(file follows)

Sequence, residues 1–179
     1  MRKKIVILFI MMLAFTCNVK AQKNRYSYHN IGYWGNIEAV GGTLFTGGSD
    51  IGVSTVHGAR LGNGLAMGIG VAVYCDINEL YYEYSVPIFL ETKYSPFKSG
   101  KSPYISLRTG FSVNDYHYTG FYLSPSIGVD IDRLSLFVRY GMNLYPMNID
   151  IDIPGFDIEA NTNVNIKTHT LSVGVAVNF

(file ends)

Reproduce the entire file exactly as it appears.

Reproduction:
Sequence, residues 1–179
     1  MRKKIVILFI MMLAFTCNVK AQKNRYSYHN IGYWGNIEAV GGTLFTGGSD
    51  IGVSTVHGAR LGNGLAMGIG VAVYCDINEL YYEYSVPIFL ETKYSPFKSG
   101  KSPYISLRTG FSVNDYHYTG FYLSPSIGVD IDRLSLFVRY GMNLYPMNID
   151  IDIPGFDIEA NTNVNIKTHT LSVGVAVNF